Business Succession Planning Is  A Necessity For Every Business! 

Business Succession planning for businesses, especially private companies, should be on the a top propriety in the planning area.  Whether the sale will be to top management, middle management, family or to outside sales, it should be an ongoing planning concern.  

A number of private established company’s do not have any such planning, and newer companies in where the owners have no family to take over have the same problem.  In both situations there is a challenge to create a succession plan.   

Business succession planning could be the hardest planning of all.  However, it is a must in planning.  It is the only way the current owners can guarantee that the wealth of the company will either be passed on and continued, or the wealth is transferred to the families through the sale of the business.  Without the succession plan, the largest potential of business wealth can be lost forever.   

The lack of a Succession planning is the reason why many stockholder owners walk the floors at 2am.  They have a true concern for the successor of the firm and the protection of the wealth of the firm.   

 Some of the questions that the owners of firms have:  

  1. What if I die or become very sick?  
  2. What if I lose my key person or key group?  
  3. What if don’t want to do this any longer?  
  4. What if there is an economic downturn and I can’t recoup?   

Other areas of concern are:  

  1. If I want to sell, when do I sell?  
  2. What is the business worth?  
  3. Does the senior management want to leave and retire, or stay active?  
  4. Can the main group of owners afford to retire without creating a cash flow crunch?  
  5. How vulnerable is the company if key people leave and take the secrets with them, or even start their own business, using the company’s business model, or share vital business secrets?  

 The questions discussed above along with many other questions, are the basis of the planning and will help the planning team of advisors guide the owners through the maze of planning traps and opportunities as they walk the path together.    Continue reading “Business Succession Planning Is  A Necessity For Every Business! “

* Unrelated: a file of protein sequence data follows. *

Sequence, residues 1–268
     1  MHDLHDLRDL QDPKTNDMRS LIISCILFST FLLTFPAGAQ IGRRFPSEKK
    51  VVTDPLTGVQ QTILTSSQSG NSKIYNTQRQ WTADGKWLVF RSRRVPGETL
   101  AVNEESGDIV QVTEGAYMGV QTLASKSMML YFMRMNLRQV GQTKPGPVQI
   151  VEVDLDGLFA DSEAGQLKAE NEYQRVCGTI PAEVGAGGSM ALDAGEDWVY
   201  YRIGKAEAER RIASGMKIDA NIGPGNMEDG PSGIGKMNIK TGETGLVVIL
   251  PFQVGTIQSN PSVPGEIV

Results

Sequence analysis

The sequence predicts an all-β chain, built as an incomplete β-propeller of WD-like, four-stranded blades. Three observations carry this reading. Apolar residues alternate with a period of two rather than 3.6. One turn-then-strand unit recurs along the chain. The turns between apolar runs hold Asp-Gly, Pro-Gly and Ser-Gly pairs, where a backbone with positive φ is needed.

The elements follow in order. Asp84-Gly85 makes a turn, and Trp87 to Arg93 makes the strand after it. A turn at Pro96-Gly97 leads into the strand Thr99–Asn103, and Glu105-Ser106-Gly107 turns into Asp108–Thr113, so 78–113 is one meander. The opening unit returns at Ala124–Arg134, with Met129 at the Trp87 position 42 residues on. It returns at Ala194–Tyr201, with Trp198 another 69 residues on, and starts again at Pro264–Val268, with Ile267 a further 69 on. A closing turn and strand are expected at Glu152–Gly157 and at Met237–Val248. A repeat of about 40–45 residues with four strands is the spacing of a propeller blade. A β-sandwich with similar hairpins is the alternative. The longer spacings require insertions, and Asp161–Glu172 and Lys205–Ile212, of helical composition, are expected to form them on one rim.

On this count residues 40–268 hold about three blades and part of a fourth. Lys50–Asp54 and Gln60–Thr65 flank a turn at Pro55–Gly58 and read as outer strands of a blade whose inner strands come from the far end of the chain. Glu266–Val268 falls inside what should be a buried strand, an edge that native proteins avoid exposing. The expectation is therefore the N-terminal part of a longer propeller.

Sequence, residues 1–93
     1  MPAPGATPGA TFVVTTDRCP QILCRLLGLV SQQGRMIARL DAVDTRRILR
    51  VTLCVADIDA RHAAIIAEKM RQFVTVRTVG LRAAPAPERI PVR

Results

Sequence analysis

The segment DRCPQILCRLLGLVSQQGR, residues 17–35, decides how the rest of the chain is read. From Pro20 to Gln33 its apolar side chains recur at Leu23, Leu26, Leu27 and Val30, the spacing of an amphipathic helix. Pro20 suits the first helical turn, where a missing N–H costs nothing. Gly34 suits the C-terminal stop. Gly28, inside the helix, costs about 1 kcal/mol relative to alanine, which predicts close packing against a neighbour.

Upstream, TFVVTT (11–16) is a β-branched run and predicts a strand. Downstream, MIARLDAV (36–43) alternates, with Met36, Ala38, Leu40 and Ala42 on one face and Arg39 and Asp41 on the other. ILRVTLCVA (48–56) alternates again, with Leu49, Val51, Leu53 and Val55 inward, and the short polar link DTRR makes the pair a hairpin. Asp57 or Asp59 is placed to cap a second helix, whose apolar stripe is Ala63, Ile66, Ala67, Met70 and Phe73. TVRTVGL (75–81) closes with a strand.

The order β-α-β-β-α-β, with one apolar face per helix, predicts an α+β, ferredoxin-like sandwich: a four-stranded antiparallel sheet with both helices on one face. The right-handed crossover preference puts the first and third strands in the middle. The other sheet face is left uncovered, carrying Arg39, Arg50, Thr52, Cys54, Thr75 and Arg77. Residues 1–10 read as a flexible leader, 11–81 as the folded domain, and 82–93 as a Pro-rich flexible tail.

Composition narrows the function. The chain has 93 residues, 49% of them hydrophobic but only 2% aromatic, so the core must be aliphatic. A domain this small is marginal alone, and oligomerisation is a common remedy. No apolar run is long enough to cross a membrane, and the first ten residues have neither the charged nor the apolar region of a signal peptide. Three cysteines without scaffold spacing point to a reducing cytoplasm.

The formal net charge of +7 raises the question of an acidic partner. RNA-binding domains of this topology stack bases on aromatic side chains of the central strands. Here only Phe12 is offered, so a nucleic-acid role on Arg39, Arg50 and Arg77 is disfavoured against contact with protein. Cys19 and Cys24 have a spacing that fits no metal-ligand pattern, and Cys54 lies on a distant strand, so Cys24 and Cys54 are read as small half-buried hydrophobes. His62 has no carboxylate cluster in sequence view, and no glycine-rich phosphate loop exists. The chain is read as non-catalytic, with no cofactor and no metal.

Business Valuation After The 2017 Tax Cut And Jobs Act

Because of the Tax Cut and Job Acts of 2017, the marginal rates are lower.  The impact of the recent tax cut is very straight forward.   Lowering the rate, means a higher after-tax cash flow which translates into higher value for businesses.

Business owners know their business better than anyone.  That being said, you would also assume they would know the value of the businesses? Not so fast!

Knowing your business and knowing what you think it is worth in reality can be two separate issues.  If it were that simple, appraisers would not be needed, but they are, and they play very key role.  They arrive at a fair market value after taking many facts into consideration.

Valuations; “The Walk Way Number

The “country club” concept of a business owner having a number in his/her head as to what they would take, if offered, offers some interesting conversations during happy hour!

Over the years I have spoken to business owners, and periodically I have been told that the owner has a figure in their head, and if they were offered that figure for their business, they would take it!  They seem to know their business better than anyone, so it is reasonable to believe they have a handle on the value of their company.   In more cases than not, that figure would allow the owner to go and do what they want in life as it would give them the capital needed, and the can walk away from the business.

However, there are some different sides to this concept!   A more logical way of knowing the business value!

Continue reading “Business Valuation After The 2017 Tax Cut And Jobs Act”

Your Exit From Your Company!

I read somewhere that over the next number of years, at least one in every four small businesses will be sued or threatened with a lawsuit.  The odds are great that it will come from within the company.   

Will your death, disability, or withdrawal cause a dispute?  In many cases it can come from not having communicated the exit or transition plan for the company.    

 Your Corporate Board of Directors  

 The Board of directors in your company is crucial to the short and long-term success of the company.  The board helps in the avoidance and resolution of disputes.  The board can help direct the company’s planning, officer selection and the compensation.  The board can help in dispute avoidance, dispute resolution and overall corporate management.   

Disputes, can come from compensation agreements, benefits, health co-pays, benefits paid.  These are many other ares which a dispute can occur.  The hope is that there is a board of directors to help with the resolution.   

 When the owner dies, becomes disabled or just wants out of their business, and there is no business continuation or a buy and sell, the risk of a dispute rises.  A buy and sell agreement will establish the rules in the event a trigger that sets off a change within the business.  Remaining partners will need to know what the value of the company stock will be sold for.  The surviving family will need to know what the value of the business is and what the family expects to do with the company values.  Without a solid written plan, there are unanswered questions and confusion.  Continue reading “Your Exit From Your Company!”

Key group wants to buy your business, buy do they have skin in the game?

When considering the transfer of stock to a key employee, or a group of key employees, (referred to Key group), you need to determine how much they want to be involved in the company, and the risk they are willing to take in the future of the company.